Date: Mar 22, 2013 4:24 PM
Author: Virgil
Subject: Re: Matheology � 224

In article <3fadncP688yJv9HMnZ2dnUVZ_iydnZ2d@giganews.com>,
fom <fomJUNK@nyms.net> wrote:

> On 3/22/2013 4:05 AM, WM wrote:
> > On 22 Mrz., 08:30, William Hughes <wpihug...@gmail.com> wrote:
> >> On Mar 22, 7:32 am, WM <mueck...@rz.fh-augsburg.de> wrote:
> >>
> >>
> >>
> >>
> >>

> >>> On 21 Mrz., 16:41, William Hughes <wpihug...@gmail.com> wrote:
> >>
> >>>> On Mar 21, 4:11 pm, WM <mueck...@rz.fh-augsburg.de> wrote:
> >>
> >>>>> On 21 Mrz., 14:29, William Hughes <wpihug...@gmail.com> wrote:
> >>
> >>>>>> On Mar 21, 2:11 pm, WM <mueck...@rz.fh-augsburg.de> wrote:
> >>
> >>>>>>> On 21 Mrz., 14:02, William Hughes <wpihug...@gmail.com> wrote:
> >>
> >>>>>>>>> In fact? That's amazing. So we cannot prove that all lines of the
> >>>>>>>>> infinite set of lines are unnecessary?

> >>
> >>>>>>>> We can prove that something is true for every
> >>>>>>>> member of an infinite set. We cannot
> >>>>>>>> prove that something is true for the set
> >>>>>>>> itself unless the set is finite.

> >>
> >>>>>>> But I am not interested in the set itself. Not at all! My claim is
> >>>>>>> that every member of the set of lines can be removed

> >>
> >>>>>> Yes, removed one at a time
> >>
> >>>>>>> such that no member remains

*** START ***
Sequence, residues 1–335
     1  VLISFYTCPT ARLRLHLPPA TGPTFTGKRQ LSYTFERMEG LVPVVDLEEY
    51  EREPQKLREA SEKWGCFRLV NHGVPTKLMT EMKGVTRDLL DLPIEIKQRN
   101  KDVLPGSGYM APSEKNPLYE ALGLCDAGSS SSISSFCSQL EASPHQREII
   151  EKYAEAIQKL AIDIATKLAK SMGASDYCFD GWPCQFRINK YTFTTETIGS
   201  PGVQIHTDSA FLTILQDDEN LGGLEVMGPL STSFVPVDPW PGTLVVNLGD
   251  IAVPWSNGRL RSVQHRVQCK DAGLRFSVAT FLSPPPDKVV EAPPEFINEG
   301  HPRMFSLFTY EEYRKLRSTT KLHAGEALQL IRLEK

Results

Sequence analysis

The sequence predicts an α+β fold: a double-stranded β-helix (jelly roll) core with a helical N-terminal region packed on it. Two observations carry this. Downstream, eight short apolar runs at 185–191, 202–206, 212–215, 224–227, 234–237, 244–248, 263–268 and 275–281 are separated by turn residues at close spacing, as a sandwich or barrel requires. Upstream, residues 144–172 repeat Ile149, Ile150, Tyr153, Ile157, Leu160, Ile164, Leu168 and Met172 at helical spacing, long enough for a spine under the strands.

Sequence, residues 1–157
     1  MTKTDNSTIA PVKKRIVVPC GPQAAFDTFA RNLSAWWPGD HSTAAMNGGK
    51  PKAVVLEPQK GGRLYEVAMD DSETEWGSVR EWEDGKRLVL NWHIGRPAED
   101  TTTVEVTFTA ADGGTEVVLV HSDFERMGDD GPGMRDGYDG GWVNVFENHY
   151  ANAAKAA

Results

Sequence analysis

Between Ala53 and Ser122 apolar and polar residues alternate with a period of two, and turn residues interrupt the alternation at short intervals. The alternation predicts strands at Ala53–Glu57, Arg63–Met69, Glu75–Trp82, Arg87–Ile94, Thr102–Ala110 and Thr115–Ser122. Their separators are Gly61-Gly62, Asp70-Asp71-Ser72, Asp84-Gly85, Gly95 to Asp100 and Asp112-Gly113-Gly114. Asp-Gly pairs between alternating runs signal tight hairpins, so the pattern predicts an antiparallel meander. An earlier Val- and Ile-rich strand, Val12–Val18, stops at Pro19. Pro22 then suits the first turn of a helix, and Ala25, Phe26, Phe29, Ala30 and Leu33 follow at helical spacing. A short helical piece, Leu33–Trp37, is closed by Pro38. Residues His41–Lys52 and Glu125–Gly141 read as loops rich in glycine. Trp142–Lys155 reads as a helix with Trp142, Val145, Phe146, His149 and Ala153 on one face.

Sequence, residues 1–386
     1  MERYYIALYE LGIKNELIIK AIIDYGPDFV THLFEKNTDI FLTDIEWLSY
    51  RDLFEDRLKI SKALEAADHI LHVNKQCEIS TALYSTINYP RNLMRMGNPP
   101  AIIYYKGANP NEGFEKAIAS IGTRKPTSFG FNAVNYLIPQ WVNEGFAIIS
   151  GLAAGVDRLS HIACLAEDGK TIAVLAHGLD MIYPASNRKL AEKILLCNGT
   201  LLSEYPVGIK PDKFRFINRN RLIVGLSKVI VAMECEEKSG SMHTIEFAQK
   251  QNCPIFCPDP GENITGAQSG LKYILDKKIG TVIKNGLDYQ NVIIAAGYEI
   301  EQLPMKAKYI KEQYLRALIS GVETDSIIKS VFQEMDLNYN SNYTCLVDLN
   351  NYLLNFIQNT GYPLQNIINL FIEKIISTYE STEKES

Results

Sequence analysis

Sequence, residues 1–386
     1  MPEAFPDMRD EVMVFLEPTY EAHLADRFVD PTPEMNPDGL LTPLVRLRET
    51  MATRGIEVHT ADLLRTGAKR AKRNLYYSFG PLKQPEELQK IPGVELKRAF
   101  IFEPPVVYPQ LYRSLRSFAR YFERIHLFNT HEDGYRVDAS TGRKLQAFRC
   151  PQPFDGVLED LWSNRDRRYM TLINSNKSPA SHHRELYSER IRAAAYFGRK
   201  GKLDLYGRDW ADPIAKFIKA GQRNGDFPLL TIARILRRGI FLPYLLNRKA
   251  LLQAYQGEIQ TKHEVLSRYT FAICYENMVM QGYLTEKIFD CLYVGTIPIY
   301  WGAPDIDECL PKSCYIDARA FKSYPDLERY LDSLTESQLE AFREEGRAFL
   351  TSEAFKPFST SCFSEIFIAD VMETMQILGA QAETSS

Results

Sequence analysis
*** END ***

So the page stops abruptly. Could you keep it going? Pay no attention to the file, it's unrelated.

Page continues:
> >>
> >>>>>> nope, working one at a time you will not get
> >>>>>> to the point that no member remains.

> >>
> >>>>> Induction does not need time.
> >>>>> The conclusion from n on n+1, if valid, is valid for every natural at
> >>>>> one instance.

> >>
> >>>> Yes, valid for every natural, but not valid
> >>>> for the *set* of all naturals.-

> >>
> >>> I do not talk about this *set* when removing lines. My proof shows
> >>> that every line can be removed from the list without removing any
> >>> natural number from the list.

> >>
> >> No your proof shows that *any* *one* line can be removed from the
> >> list.
> >> However, you are talking about removing more
> >> than one line, i,e. a *set* of lines.

> >
> > No, I do not speak of a set when I say one, two, or three or
> > infinitely many lines. Don't confuse the set of all lines with all
> > lines of the set.
> >

>
> So, WM does not speak of a set of objects when he
> speaks of a multiplicity of objects.
>
> This clarifies that his idiolect does not reflect
> consistent use of singular terms.
>
> Thus, his readers should not believe that what they
> read is what he intends.


What WM intends is almost always to obscure everything.

Fortunately for everyone else, only his students are stuck with him.
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